It took nearly seven decades, but the valiant efforts of 20,000 African American soldiers during World War II have finally been recognized. On June 27, the Montford Point Marines were awarded the 2011 Congressional Gold Medal, the nation’s highest civilian honor, at a ceremony in Washington, D.C. The next day, they were guests of honor at a parade at the Washington Marine Barracks.
Among the nearly 400 surviving members attending the events was 86-year-old Wallace C. Holland, Jr. a Princeton native and a graduate of Princeton High School. A retired corrections officer, Mr. Holland now lives in Lawrenceville. His three sons accompanied him to the ceremonies.
“It was a dream come true,” he said last week. “I have been looking forward to recognition of the Montford Point Marines’ service, so when we received word that they were going to award the medal, I thought it was very well of them.”
It was in 1942 that President Franklin D. Roosevelt ordered the U.S. Marines to integrate by recruiting African American men. From all over the nation, young men like Mr. Holland traveled to North Carolina, expecting to be stationed with white recruits at Camp Lejeune. Instead, they were sent to Camp Montford Point, which was kept separate.
“I found out that the camp we were at was segregated when I got there,” Mr. Holland recalled. “I didn’t know anything about it. I thought we’d be with all the other individuals, white or black, who were in the Marines, at Camp Lejeune.”
Camp Montford Point was a far cry from Camp Lejeune. “We went through the same basic training, but we struggled with the disadvantages we had,” Mr. Holland says. “We didn’t have the same kind of equipment to train with, or type of quarters. We were in small huts. We almost froze to death in the winter. We had to take cold showers. But we made the best of it. I have no ill feelings about it. It was an experience for me.”
Mr. Holland’s time in the service took him overseas, allowing him to see parts of the world he had never expected to visit. As part of an ammunition company, he was shipped out in the fall of 1944. “We were on our way from Bayonne, New Jersey, and we spent time in the Panama Canal Zone, going through the locks,” he said. “On the other side, we stopped at Bora Bora, and then they took us to a place in the Solomon Islands, where we took care of an ammunition dump. We had to salvage the ammunition, take it on barges, and dump it.”
Next was Guadalcanal, where they had to salvage and clean up battle-scarred areas. “They had ammunition all over the ground,” said Mr. Wallace, who brought back two Japanese shells. “The stench was still there.”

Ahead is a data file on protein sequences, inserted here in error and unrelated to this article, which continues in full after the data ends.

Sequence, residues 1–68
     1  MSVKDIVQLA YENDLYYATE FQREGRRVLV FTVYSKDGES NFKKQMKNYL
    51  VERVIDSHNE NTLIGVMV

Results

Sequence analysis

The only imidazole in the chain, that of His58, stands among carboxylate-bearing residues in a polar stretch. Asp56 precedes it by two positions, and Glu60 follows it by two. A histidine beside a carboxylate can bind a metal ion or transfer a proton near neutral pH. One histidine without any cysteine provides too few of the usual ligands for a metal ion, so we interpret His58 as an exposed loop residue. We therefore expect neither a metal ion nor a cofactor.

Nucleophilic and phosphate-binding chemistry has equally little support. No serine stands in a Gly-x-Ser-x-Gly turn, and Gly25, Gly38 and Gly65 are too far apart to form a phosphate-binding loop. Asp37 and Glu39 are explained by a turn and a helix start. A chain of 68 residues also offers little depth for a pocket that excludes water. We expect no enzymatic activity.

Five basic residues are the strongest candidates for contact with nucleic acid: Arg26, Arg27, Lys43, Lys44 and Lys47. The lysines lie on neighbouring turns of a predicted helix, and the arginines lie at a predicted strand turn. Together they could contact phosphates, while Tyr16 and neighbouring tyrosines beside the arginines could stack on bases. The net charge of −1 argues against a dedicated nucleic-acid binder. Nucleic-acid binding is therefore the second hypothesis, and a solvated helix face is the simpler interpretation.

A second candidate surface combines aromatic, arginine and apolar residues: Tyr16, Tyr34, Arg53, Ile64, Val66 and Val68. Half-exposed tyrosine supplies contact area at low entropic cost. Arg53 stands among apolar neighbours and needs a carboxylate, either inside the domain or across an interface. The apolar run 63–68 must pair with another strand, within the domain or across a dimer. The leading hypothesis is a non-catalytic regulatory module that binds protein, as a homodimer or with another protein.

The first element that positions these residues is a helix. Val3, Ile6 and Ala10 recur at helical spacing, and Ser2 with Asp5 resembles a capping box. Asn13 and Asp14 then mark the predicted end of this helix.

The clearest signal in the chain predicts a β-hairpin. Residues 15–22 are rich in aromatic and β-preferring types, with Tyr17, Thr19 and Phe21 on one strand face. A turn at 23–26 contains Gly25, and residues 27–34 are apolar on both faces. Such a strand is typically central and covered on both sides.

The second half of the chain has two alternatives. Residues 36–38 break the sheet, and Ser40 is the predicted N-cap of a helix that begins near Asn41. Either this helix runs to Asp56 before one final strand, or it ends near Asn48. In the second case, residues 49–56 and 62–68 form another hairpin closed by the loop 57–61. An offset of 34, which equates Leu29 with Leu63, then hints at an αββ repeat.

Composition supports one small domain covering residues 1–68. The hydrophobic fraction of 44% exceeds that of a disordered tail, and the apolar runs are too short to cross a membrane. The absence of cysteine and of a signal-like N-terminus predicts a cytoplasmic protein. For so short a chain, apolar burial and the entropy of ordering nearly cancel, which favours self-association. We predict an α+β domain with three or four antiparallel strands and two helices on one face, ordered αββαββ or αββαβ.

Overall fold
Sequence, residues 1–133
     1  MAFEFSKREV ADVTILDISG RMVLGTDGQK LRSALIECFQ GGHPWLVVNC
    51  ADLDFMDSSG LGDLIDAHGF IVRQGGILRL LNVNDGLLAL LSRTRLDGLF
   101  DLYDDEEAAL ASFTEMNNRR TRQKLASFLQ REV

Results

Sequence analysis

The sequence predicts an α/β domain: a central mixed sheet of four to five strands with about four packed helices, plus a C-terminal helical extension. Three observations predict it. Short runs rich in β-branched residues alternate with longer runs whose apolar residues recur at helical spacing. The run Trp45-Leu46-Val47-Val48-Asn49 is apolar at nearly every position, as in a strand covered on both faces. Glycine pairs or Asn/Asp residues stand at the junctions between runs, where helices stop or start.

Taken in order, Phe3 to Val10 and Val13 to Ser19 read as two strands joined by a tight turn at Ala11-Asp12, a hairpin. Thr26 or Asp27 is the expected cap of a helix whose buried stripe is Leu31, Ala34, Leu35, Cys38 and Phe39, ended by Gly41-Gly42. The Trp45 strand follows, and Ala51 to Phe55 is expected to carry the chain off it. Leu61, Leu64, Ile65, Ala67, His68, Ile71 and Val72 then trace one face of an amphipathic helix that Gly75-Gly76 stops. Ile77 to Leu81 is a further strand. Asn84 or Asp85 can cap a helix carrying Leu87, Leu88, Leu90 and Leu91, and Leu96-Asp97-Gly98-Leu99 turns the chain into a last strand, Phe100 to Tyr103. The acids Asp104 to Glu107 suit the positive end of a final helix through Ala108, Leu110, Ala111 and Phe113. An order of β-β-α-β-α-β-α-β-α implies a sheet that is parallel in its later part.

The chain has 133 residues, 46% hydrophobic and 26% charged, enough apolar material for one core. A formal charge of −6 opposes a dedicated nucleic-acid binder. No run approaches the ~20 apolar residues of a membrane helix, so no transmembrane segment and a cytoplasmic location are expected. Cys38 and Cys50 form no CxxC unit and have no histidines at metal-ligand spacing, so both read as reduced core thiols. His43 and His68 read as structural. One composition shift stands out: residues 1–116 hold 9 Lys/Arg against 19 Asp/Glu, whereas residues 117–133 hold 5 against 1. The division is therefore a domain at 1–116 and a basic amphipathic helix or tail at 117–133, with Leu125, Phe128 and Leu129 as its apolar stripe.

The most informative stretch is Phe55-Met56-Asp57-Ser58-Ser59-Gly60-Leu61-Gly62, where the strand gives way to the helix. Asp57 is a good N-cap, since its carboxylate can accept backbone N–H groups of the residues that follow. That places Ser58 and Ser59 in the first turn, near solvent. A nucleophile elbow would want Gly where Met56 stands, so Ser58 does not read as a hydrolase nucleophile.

Mr. Wallace and other Marines then began their journey home. “They brought us back to Pearl Harbor, where it all started,” he said. “That was an experience for me. From there they brought us back on an aircraft carrier to San Francisco, then back to Camp Lejeune, and then back home.”
The Montford camp closed in 1949. Until last month, the Montford Point Marines did not receive the kind of recognition given to their counterparts, the Tuskegee Airmen, who integrated the Army Air Corps the same year. The gold medal resolution passed by Congress last October was sponsored by Congresswoman Corrine Brown, D-Florida, and unanimously approved by the House and Senate. On November 23, 2011, President Barack Obama signed the bill into law.
For Mr. Holland’s sons, the award ceremonies were especially meaningful. “I was so proud of him and of all these men,” said Larry Irving, who is Mr. Holland’s stepson. “It was so moving.”
Mr. Irving traveled from his home in Indiana to attend last month’s festivities. Mr. Holland’s sons Wallace Holland III, of Trenton, and Kevin Holland, of Washington, were also on hand.
The first ceremony, in which the gold medal was awarded to the Montford Point Marine Association, was held at the Capitol. The second ceremony was held at the Marine Barracks. Along with his fellow veterans, Mr. Holland was given a bronze medal that was a replica of the gold medal awarded to the Montford Point Marine Association. Since the first Congressional Gold Medal was given to George Washington in 1776, it has been presented 150 times to a broad range of individuals and organizations including actors, authors, explorers, athletes, and public servants.
“The Commandant put the medal around our necks,” Mr. Holland said. “They had a parade. A detachment of Marines marched across the field after they gave us the medals. It was 95 degrees, and four men passed out. But I didn’t have a problem at all. Like I said before, it was a dream come true.”